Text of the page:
By Francisco Salazar ( | First Posted: Apr 15, 2013 03:24 PM EDT

Britain's Queen Elizabeth presents the Queen's Medal for Music to conductor Colin Davis at Mansion House, in London December 8, 2009. The Queen visited Mansion House to listen to a performance by the London Symphony Orchestra. (Photo : REUTERS/Chris Jackson/Pool (BRITAIN - Tags: ENTERTAINMENT SOCIETY ROYALS))

The Internationally renowned British Conductor Sir Colin Davis has passed at the age of 85 after suffering from a brief illness.

 Davis served as the conductor of the London Symphony Orchestra from 1995 until 2006. He later served as President of the organization starting in 2007.  His long standing relationship with the orchestra started in 1959 when he conducted as a guest conductor. During his time with the orchestra he was able to conduct their first world tour as well as lead series and cycles of Bruckner, Elgar, Beethoven and Brahms. Davis was also credited with starting a new recording label for the orchestra called LSO Live.

Aside from his work with the LSO, Davis also had a relationship with the Royal Opera House for which he served as the Principal Conductor, the English Chamber Orchestra and the BBC Symphony Orchestra. He also worked with the Bavarian Radio Symphony and served as Guest Conductor with the New York Philharmonic.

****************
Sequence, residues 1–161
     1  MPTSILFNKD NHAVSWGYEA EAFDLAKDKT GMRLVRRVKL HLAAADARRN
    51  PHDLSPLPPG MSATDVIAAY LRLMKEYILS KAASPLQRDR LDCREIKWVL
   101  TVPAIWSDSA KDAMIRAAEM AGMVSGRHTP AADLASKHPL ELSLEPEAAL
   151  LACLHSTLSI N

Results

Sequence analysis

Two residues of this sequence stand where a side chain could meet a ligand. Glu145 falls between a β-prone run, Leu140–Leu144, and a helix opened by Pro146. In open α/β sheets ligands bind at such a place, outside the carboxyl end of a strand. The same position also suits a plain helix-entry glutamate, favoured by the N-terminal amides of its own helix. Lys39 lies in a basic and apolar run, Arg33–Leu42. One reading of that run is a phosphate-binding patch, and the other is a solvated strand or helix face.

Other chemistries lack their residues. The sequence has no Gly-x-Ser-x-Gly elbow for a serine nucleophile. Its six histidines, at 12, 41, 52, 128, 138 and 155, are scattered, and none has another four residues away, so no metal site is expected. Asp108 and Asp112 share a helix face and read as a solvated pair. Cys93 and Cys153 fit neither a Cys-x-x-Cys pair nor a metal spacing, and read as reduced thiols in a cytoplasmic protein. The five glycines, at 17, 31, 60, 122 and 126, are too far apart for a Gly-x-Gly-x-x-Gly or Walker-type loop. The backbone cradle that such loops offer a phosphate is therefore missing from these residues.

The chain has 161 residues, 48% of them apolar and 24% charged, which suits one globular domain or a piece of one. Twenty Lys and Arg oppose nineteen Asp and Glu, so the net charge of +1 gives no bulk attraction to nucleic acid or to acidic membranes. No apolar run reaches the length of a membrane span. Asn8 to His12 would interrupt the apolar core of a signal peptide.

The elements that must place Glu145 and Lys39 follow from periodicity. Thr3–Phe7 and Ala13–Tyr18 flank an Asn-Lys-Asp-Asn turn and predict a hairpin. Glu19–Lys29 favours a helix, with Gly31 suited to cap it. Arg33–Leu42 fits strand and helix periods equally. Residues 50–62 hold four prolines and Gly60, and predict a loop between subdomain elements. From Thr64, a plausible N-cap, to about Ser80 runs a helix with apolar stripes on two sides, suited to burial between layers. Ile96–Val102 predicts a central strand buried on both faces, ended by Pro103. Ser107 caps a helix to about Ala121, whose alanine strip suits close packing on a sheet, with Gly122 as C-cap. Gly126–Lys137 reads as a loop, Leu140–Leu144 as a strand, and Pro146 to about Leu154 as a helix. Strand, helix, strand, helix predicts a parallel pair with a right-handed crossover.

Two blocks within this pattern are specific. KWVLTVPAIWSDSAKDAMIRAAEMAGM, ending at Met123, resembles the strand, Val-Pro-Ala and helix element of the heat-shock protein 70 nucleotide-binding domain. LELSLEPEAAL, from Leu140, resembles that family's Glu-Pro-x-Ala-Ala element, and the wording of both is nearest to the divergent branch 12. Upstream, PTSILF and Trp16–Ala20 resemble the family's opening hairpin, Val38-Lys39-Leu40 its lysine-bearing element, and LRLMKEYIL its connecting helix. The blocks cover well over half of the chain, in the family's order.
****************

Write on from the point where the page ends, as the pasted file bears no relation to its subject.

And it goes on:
He was best known as the most important exponent of Berlioz's music. His recording of the composer's "Les Troyens" won a Grammy award and he lead the LSO in a series of programs of Berlioz's music. He was also known for his interpretations of Mozart, Sibelius and the operatic repertoire including Wagner's "Tannhauser," and Verdi's "Falstaff."

Davis also introduced numerous contemporary works by Michael Tippet and James McMillan.  

Born in Surrey, Britain, in 1927, Davis first studied the clarinet but eventually turned his attention toward the podium. His first major conducting appointment was as assistant conductor of the BBC Scottish Symphony in 1957. In 1980 he was Knighted and appointed Companions of Honour in 2001.

Throughout his life he remained true to his Musical credo which was "If people are musical and want to play, they will share this thing with you. I don't know why or how it happens."   

After the death of the conductor, LSO placed a statement on their website. They said "He will be remembered with huge affection and admiration by the LSO [London Symphony Orchestra] and our thoughts are with his family at this time."

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